This year is not a very good one for, pretty much any industry that involves groups of more than 3 people spending time nearby. Bars, restaurants, and pubs are closed, events of all kinds are postponed and canceled, and entertainment venues were forced to suspend their activity due to the social distancing mandates in force all over the world.
The gadgets presented at CES 2020 were the last ones this year the press could see hands-on at a major trade show – the next one (MWC) was canceled because of the pandemic. And the last major movie to see a theatrical release was Vin Diesel’s “Bloodshot” that hit the screens on February 20. Movie theaters were pretty much deserted since then.
That until April 10, when Universal bypassed movie theaters and released its “Trolls World Tour” animated feature on VOD.
A gamble that paid off
Originally, the sequel to the 2016 animated feature “Trolls” was scheduled to hit the screens on March 10 but it was delayed due to the ongoing pandemic. Universal, in turn, decided to play a dangerous game: it skipped the movie’s theatrical release altogether and decided to push it out on VOD instead. The movie was released on Fandango Now and Amazon Prime Video for $19.99. The gamble seems to have paid off: with more than 5 million rentals, the movie generated over $100 million in digital rental fees.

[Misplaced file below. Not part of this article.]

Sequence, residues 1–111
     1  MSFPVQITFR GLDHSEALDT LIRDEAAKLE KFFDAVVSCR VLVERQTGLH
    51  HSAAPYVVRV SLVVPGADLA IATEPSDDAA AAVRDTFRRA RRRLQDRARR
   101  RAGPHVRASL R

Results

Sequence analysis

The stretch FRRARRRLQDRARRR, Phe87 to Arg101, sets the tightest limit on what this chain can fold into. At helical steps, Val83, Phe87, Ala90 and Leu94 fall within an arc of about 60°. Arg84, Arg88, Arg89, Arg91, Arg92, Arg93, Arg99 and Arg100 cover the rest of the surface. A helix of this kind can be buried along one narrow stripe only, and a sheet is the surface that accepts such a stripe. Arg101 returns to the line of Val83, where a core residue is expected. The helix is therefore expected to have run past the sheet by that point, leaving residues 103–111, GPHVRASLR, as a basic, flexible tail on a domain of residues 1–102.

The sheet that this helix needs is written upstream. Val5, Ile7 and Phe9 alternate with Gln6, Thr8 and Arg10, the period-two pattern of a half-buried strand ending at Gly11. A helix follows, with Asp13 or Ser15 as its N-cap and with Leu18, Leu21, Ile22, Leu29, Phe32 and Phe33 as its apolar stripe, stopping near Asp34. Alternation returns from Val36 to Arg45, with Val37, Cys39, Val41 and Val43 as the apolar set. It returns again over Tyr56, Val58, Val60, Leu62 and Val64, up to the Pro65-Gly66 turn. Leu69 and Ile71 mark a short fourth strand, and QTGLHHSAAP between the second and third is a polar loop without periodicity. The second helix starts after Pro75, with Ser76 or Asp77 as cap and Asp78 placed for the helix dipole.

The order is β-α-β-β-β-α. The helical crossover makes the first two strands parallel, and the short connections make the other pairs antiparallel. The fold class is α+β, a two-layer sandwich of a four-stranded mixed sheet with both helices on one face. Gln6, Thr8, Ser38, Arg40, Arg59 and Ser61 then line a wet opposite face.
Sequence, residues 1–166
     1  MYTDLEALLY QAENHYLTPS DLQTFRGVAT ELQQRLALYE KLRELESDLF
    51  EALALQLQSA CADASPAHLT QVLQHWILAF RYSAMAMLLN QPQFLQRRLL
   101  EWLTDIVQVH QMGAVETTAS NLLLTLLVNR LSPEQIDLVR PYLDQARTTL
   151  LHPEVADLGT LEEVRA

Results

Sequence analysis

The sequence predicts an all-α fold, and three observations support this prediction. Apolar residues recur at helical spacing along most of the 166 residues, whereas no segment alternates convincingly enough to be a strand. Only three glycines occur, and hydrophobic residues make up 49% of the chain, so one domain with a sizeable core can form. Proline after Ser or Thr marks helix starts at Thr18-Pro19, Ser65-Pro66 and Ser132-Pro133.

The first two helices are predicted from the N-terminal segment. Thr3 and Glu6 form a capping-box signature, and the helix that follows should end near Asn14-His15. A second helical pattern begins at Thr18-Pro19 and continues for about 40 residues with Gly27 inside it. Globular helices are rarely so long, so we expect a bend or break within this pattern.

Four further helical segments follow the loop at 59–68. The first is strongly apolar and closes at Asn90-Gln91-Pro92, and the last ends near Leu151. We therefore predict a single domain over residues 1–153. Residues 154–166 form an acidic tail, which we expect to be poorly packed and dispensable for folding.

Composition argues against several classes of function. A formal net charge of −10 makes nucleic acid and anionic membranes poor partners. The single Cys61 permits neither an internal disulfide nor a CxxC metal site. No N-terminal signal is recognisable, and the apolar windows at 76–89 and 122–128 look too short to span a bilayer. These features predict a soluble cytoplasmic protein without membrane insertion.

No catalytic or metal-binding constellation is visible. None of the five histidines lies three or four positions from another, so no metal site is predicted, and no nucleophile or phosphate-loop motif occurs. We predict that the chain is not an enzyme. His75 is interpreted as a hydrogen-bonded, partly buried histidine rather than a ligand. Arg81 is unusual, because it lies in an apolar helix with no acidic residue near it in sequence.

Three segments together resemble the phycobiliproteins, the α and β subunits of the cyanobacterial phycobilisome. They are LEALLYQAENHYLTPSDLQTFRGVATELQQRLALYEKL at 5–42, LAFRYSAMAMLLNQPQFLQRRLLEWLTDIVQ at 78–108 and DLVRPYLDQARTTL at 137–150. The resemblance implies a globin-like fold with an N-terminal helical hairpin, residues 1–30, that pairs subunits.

Unlike theatrical releases, where about half of the gross revenue is pocketed by the theaters, Universal was reportedly left with about 80% of the total gross generated by the film. A win for Universal, a win for the fans… and a major loss for the theaters.
The experiment paid off, so Universal decided to consider adopting a similar strategy for the future (when the theaters open): instead of sticking with the traditional “theaters-first” approach, it plans to release at least some of its movies in parallel both in theaters and through streaming services.
Theaters ticked off
AMC Theaters, the world’s biggest movie theater chain, was quick to condemn this new business model. In a letter sent to Universal Chairwoman Donna Langley cited by The New York Times, AMC CEO Adam Aron accused Universal of “breaking the business model and dealings” between the studio and the theaters. “With this proposed action to go to the home and theaters simultaneously, Universal is breaking the business model and dealings between our two companies,” he wrote, pointing out that if it’s not reversed, AMC may boycott releasing any Universal films in the future.
AMC is not the only one that threatens to cut ties with the studio: Regal Cinemas, the second-largest movie theater chain in the US, is planning to do the same.
The feud between Universal and the theaters may seem pointless in the current situation – the movie theaters are closed anyway – but it may heat up as soon as the social distancing measures are eased, and the ban on gatherings is lifted across the US.
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